I don’t know how or why I didn’t write about this book when I first read it (edited to add: I have since found my original review, written in January 2017– this review is not a repost, though). I do remember being blown away by Barbara O’Hare’s horrific story, which is well handled by ghost writer, Veronica Clark. I was born in 1972, which I know was a long time ago… but it doesn’t seem like it was that long ago. It’s crazy to think that someone my sister’s age was locked in a mental hospital in England, being tortured by people who were supposed to be qualified to provide medical care. Barbara had been lured into cooperating with Dr. Milner with the prospect of being a patient. She had visions of wearing slippers and comfortable nightgowns, being cosseted by nurses and comforted by a kindly physician instead of being locked up in the glorified children’s jail that was The Cedars. Instead, what she experienced at Aston Hall turned out to be way worse than the remand center.

While Barbara was at Aston Hall, she was allowed visits with her father. She tried to tell him about the abuses that were going on there, some of which were of a sexual nature. Unfortunately, Barbara’s father didn’t believe her, so the abuse continued until one day, while she was at home on a furlough, Barbara told her father’s girlfriend about what had been happening to her. The girlfriend managed to convince Barbara’s dad not to send her back to Aston Hall. But the damage was done, and Barbara was left with many lingering psychological effects of the terrifying and extreme child abuse delivered by supposed caregivers.  Barbara later went to a Catholic home, where she was subjected to more abuse, although none as bad as what she endured at Aston Hall.

Aston Hall closed in 2004, having been used as a hospital since 1926. Many people, besides Barbara O’Hare, have come forward to speak about the horrific abuses that went on in the facility at the hands of Dr. Milner, who died in 1975. It’s been alleged that Milner used barbaric methods to study his subjects, including stripping them naked, restraining them with bandages or strait jackets, and drugging them with sodium amytal, sometimes known as “truth serum”, a drug that was frequently used in World War II.  It had a sedating effect, which was augmented by Milner’s use of ether.  Aside from being drugged, Barbara was also sexually abused.

While The Hospital sounds like a lurid account, and it kind of is, the story is true and absolutely horrifying. The victims who have come forward to complain about their “treatment” at Aston Hall have received compensation, and I’m sure the money is useful to them. But I wonder if any amount of money is enough to compensate for the mental, physical, sexual, and emotional abuses these children faced in the name of “mental health” treatment. That kind of abuse doesn’t just affect people who have endured it; I’m sure that people close to Barbara O’Hare have also suffered tremendously.

I would recommend The Hospital to anyone who is curious about this story. I don’t know why it took me so long to write about it. All I can think is that I was totally shocked by this account and blown away that it was going on in the 60s and 70s. It sounds like a story from the Dark Ages. If you do decide to read this book, be prepared to be triggered. It’s not an easy story to handle, especially if you have abuse issues of your own.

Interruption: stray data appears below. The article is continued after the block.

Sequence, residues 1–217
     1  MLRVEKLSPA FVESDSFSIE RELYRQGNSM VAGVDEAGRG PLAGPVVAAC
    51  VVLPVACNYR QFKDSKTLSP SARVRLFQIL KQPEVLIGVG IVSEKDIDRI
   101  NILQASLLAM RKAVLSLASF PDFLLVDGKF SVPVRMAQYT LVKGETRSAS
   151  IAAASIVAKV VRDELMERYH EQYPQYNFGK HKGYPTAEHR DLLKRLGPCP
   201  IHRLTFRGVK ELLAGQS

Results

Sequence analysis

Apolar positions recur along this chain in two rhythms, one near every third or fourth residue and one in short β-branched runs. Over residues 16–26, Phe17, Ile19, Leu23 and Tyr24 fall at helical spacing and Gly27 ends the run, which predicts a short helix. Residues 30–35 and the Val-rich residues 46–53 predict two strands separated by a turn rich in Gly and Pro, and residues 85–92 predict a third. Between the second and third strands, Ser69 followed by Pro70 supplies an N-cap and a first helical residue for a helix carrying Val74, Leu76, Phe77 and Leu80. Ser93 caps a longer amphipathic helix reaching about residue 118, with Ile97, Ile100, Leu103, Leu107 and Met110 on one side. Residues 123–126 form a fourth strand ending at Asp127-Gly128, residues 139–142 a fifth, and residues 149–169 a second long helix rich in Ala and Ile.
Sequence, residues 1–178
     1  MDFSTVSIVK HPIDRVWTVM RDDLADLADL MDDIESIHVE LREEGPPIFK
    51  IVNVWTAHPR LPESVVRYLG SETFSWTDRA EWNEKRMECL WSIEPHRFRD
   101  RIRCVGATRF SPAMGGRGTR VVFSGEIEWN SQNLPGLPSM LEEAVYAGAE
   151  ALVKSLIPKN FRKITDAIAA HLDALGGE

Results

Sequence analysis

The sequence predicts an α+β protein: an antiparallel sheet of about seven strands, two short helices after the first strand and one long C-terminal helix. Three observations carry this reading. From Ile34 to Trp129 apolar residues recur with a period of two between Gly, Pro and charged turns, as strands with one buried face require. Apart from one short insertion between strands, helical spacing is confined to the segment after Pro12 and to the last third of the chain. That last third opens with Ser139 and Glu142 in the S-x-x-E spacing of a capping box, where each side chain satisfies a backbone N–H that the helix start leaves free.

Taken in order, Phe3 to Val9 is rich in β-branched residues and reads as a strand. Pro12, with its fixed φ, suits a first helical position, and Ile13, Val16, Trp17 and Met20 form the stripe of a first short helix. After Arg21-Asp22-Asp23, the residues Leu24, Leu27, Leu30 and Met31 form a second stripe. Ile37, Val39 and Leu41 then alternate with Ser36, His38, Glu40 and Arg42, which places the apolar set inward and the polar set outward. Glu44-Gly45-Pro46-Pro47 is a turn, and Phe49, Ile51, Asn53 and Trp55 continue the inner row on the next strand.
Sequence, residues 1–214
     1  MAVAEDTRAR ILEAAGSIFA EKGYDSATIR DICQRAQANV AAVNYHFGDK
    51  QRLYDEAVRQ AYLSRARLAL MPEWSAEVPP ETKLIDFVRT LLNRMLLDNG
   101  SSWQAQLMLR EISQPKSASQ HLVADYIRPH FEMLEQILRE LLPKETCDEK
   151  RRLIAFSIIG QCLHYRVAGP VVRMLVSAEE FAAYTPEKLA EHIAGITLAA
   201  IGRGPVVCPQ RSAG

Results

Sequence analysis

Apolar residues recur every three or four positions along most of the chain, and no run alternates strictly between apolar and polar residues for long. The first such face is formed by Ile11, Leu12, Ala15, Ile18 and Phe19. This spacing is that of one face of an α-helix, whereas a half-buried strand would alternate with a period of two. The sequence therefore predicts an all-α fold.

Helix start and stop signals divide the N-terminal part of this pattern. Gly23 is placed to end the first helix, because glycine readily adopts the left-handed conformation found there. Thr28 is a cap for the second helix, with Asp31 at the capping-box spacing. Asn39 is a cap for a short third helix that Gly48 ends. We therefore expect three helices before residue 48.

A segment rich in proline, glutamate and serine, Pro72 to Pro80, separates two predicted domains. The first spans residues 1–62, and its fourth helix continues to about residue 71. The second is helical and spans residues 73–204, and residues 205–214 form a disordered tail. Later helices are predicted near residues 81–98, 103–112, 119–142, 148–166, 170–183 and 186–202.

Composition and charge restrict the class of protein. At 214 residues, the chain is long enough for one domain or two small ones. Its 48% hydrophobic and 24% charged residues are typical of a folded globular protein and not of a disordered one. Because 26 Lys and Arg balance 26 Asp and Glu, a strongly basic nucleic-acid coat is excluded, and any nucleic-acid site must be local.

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Duggars, true crime

Josh Duggar is getting out of jail today…

I woke up this morning to the news that Josh Duggar will be temporarily released from jail today. Six days ago, Josh turned himself in, his wife Anna at his side, having been busted on federal charges for two counts of receiving and possessing images depicting child sexual abuse. Before I went to bed last night, I read an article that provided more details about Josh’s case. Federal agents found about 200 images on Josh’s computer, which was heavily rigged to deceive his wife, Anna. All of the images involved very young female children, some of whom were toddler aged. Despite all of that talk about the Duggars monitoring Internet usage and avoiding “wordly” things like pop music and television, Josh has developed some very sick obsessions that he’s accessed online. And despite his training at the School of the Dining Room Table, Josh is surprisingly tech savvy. He knows how to go to the dark, sleazy underworld on the Internet to satisfy his sick obsessions and perversions.

Frankly, as much as I dislike prison as a punishment, I think prison is exactly where Josh belongs. Prison should be reserved for people who are dangerous, and I think Josh has proven that he is VERY dangerous, especially to young children, the most vulnerable people in society.

Ugh… I can’t believe I watched the whole thing… Josh is truly disgusting.

According to a live stream video put out by Duggar expert, Katie Joy, who runs the Without a Crystal Ball YouTube channel, Josh’s computer had software on it called Covenant Eyes, which was supposed to send Anna information about the sites Josh was viewing on the Internet. But Josh also had his machine rigged with a TOR browser and a Linux system that allowed him to access the dark web, where there were no “eyes” on him. There, he was engaged in some very dark and shady activities that are about as far away from Christlike as a person can get.

People magazine reports that Josh will be released to “close family friends”, Lacount and Maria Reber. The Rebers say they don’t know Josh very well, but they are close to Josh’s parents, Jim Boob and Michelle, whom they know through church. The couple felt they should help the Duggars, even though Maria Reber says she’s only familiar with the charges against Josh and doesn’t know the details. Federal probation officer, Diem Nguyen, testified that Maria Reber had expressed concern that Josh would be released into her home, since her husband works full-time and she would be left for several hours alone with Josh during the daytime. For that reason, among others, Nguyen recommended against letting Josh out of jail.